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Commodore explores poverty, community through Bonner Leaders Program

February 14, 2019 • Kyley Underhill • No Comments

While many UNC students are hanging out in their dorms or catching up on homework, first year student Ellison Commodore is helping to fight poverty in the Chapel Hill community.

Commodore is a member of the Bonner Leaders Program at the Campus Y, which matches a diverse and committed group of work-study students with local nonprofits and public agencies. Each Bonner Leader makes a four-year commitment to one community partner and develops his or her leadership skills while assuming roles of increasing responsibility each year.

This fall Yalitza Ramos, the Bonner Leaders Program Director, paired a new class of twelve Bonner Leaders with fourteen community partners across Chapel Hill and Durham. Commodore was selected to work at Community Empowerment Fund (CEF), a nonprofit organization that provides support and services to help its members transition out of homelessness and poverty. Since his placement, he has dedicated more than 90 hours working one-on-one with CEF members to help them accomplish their financial goals.

Exposing Bonner Leaders like Commodore to professional development opportunities and reflective service allows them to understand social issues outside of the classroom and explore their roles as allies, advocates, innovators, and change-makers.

“I never really delved into social justice in high school, but now the topics of poverty and homelessness feel so much more real,” Commodore said. “Doing this work allows me to be more empathetic about people’s circumstances and feel connected to members of our community. Their success is also your success.”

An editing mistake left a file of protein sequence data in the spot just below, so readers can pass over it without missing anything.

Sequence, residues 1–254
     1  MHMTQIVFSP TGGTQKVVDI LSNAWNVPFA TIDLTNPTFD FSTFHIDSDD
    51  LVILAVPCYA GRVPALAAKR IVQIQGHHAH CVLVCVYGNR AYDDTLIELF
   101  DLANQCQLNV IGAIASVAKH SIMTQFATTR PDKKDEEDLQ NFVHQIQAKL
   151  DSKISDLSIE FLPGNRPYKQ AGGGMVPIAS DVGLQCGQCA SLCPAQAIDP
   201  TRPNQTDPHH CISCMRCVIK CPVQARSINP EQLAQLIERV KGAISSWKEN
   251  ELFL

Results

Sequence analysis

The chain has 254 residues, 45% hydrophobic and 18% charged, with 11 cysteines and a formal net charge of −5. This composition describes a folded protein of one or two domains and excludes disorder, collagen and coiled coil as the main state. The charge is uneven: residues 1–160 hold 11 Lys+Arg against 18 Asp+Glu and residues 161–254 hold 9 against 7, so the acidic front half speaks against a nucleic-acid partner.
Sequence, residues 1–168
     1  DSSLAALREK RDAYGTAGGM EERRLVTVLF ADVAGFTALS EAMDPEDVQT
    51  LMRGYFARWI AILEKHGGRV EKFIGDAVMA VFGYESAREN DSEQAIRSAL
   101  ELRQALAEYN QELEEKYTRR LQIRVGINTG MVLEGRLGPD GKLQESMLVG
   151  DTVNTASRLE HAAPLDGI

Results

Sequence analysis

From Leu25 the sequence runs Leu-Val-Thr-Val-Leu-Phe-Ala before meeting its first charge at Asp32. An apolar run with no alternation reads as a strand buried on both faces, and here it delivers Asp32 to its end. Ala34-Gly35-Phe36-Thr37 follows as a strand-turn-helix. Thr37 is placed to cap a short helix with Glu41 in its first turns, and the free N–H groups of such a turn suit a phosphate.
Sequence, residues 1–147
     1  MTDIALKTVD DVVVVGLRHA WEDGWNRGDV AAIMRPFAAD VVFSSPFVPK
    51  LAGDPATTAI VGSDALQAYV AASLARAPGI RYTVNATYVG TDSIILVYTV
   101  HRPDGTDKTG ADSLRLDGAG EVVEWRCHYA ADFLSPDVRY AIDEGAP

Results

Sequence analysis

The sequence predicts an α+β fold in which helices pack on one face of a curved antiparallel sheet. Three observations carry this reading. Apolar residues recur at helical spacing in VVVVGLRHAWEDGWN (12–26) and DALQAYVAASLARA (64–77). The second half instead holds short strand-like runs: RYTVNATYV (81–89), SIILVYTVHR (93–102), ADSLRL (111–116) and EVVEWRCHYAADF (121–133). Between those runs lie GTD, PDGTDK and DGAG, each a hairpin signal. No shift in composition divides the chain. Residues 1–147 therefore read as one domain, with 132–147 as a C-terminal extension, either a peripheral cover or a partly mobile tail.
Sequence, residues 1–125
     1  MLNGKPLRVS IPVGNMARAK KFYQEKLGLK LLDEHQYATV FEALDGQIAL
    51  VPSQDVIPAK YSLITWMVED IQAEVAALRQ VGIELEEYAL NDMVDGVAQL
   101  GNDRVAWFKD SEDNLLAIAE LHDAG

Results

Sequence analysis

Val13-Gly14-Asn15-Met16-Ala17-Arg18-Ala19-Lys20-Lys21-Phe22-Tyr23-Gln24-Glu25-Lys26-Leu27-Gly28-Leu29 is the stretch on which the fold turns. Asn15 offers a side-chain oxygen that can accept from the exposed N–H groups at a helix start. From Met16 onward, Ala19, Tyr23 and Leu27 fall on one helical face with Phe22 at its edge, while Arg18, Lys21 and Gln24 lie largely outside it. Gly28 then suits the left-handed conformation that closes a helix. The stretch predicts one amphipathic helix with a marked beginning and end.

As a CEF advocate, Commodore coaches members through tasks like creating a budget, building a resume, and applying for housing. To prepare for this position, CEF offered him a variety of trainings on topics including active listening, financial coaching, and racial equity.

As a first-year, Commodore will continue strengthening his advocacy skills this semester. As he gets older, he’ll take on programming, training, and administrative responsibilities as well. Sarah Cohn, CEF’s Advocate Program Coordinator, is optimistic about welcoming more Bonner Leaders into the CEF family in the years to come.

“CEF started in the Campus Y and has always maintained a strong connection to the University, but we became a Bonner community partner just this year!” explained Cohn. “We are very much a volunteer-driven organization and it is a goal of ours to make our volunteer advocate positions more accessible to everyone, including students. The Bonner Program fits right in with these values and we are really excited to grow this partnership.”

While Bonner Leaders are expected to work 150 hours every semester, their participation in the program involves far more than just logging hours at their work sites. Outside of working at CEF, Commodore also enjoys attending Bonner Leader workshops, held for two hours every Monday at the Campus Y.

“It’s been amazing getting to connect with other Bonners that are really passionate about current events and topics like racism, homophobia, and sexism,” he said. “It makes me feel validated to be a part of a community of people around my age who care and talk about social issues.”

The Bonner Leaders curriculum includes trainings dedicated to Bonners’ professional development, community building, personal skills, and self-care to complement their demanding field work.

“Self-care and mental health are particularly popular topics on Monday nights,” Ramos said. “Being a Bonner sometimes involves witnessing hard or heavy truths, and our students deserve a safe, trustworthy space to process and learn from their experiences.”

The Bonner Leaders Program currently supports 40 Carolina students who are driven to make an impact during their time at Carolina. “Bonner Love” is a popular slogan used among Bonners to express the appreciation they feel towards to each other and those they serve.

“When I think of ‘Bonner Love’ the first word that comes to mind is ‘community,’” Ramos said. “And to me, that will always be the most important thing.”

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